The sudden outbreak of the Covid-19 virus has forced many organizations to implement remote working strategies, obliging many people to adapt very quickly to full-time remote working. For many businesses worldwide, it is a mandate, and thousands — if not millions — of people are facing a steep learning curve.
I thought I had achieved my dream when I was able to start working from home in 2011. But after working in a very busy office environment, I soon realized that doing it right required many things, including the right mindset. To help ease the transition for those forced to work from home, I thought I would share the following areas that proved to be a concern for me — and how I worked through them.
Technology. Ensuring you have the correct tools in order to work from home is a must. Do you have hardware in place that is acceptable for company work, items such as a laptop or home computer, mobile or home line? Every tool that will enable you to work effectively from home will require a fast and reliable internet connect, email, access to the company VPN (virtual private network) and collaboration tools.
Creating your workspace. Not everyone is fortunate to have a separate room that can be a dedicated home office; however, try to find some area within your home where you can close the door and keep business in and family, friends, roommates and pets out. During these times, colleagues should be understanding of interruptions, but they still can wreak havoc on your concentration and productivity, so finding such a suitable space is vital, even if it’s in the corner of your bedroom.
And while you’re at it, keep comfort in mind. Health and wellbeing provider BHSF found that 37% of home workers reported suffering new back pain since working from home. And beyond that, employment and health and safety laws in the UK, for example, do not differentiate between workers according to whether they work in an office or at home. Hence, it’s important to seek help or guidance from your employer about how to set up your workstation at home.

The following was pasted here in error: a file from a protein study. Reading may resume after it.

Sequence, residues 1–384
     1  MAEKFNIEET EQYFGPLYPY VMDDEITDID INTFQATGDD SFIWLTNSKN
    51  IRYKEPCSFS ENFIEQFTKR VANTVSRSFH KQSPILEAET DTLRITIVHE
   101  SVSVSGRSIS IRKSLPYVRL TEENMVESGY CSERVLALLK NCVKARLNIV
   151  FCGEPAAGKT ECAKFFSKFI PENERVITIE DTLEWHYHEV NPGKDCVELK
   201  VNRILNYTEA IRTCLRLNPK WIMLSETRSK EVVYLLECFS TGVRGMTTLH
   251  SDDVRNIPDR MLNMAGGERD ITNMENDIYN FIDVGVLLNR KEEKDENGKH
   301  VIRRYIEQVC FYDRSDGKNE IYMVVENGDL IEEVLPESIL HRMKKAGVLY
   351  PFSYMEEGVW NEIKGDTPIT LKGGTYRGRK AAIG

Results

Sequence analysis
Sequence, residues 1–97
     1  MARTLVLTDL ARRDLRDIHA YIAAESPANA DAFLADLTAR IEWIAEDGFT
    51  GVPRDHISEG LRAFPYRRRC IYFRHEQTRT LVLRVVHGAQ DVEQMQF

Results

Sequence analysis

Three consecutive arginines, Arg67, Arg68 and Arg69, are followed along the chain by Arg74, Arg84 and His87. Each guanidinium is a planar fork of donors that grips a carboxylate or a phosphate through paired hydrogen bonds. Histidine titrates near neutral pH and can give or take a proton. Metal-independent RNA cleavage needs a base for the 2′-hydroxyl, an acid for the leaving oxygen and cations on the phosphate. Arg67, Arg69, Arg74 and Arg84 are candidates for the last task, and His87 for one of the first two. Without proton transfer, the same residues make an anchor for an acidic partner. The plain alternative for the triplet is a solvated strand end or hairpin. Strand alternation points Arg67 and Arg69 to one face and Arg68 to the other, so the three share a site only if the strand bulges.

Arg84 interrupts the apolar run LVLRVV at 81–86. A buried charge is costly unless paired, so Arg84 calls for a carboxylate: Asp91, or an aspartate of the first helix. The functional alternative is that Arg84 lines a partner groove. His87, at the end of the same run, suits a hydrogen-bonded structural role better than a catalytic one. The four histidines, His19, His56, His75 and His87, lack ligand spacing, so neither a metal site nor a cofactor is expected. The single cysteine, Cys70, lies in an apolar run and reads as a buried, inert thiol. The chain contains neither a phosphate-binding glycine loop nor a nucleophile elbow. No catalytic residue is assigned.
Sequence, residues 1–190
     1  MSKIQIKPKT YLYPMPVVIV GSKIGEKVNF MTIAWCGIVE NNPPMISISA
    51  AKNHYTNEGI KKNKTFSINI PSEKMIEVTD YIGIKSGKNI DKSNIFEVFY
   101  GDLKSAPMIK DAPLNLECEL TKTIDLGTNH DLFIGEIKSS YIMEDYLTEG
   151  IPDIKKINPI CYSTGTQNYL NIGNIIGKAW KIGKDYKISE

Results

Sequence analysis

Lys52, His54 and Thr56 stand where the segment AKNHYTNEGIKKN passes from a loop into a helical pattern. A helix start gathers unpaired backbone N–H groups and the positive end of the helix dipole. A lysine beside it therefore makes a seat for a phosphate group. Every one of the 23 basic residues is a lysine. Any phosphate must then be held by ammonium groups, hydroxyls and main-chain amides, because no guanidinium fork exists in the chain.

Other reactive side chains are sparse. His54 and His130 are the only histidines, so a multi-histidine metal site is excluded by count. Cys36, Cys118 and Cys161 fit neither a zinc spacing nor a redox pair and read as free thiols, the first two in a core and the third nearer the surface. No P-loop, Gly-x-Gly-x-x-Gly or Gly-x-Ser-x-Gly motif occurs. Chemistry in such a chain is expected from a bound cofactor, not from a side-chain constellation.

MORE: Covid-19 Resource Center – Live links, general information and more, updated daily
Working day structure. It’s easy to fall into the trap of staying “on” now that you’re working from home. This is especially true if your workspace is not in a separate area of your home. While the beauty of remote work is not having to adhere to the 9-to-5, do set limits for yourself. You’ll find a natural rhythm to your day and when you’re at your most effective. And for other times, turn off your ringer. Close your laptop. You need the downtime, too.
Reclaim time. There’s no doubt that avoiding the morning/evening commute is a great advantage when thinking about working from home. Invest that time in doing something positive for yourself. And maybe spend some of that reclaimed commuting time on physical activities like yoga, high impact exercise or even meditation. There’s surely an online tutorial to help guide you. I hear even housework is considered as exercise!
Nutrition & take a break. If the current news reportings are anything to go by, it wouldn’t take much to send society feral, and it can sometimes feel this way working from home. Don’t bypass breakfast, lunch and dinner and binge on biscuits and coffee (although that could be just me). Try forward planning healthy meals and take the time to enjoy your meals away from your desk.
Communication. For those that know me communication is my thing, so when deciding for family reasons that I needed to work from home it was highly important I made the extra effort to continue to feel present and available to my colleagues. Most organizations will have readily available communication tools available — Zoom, Skype just to name a few — which are great; however, as a colleague once said to me, “pick up the phone and call.” Be proactive about reaching out to others. Communication, just staying in touch, is key. Read more here…
Origin: The Staffing Stream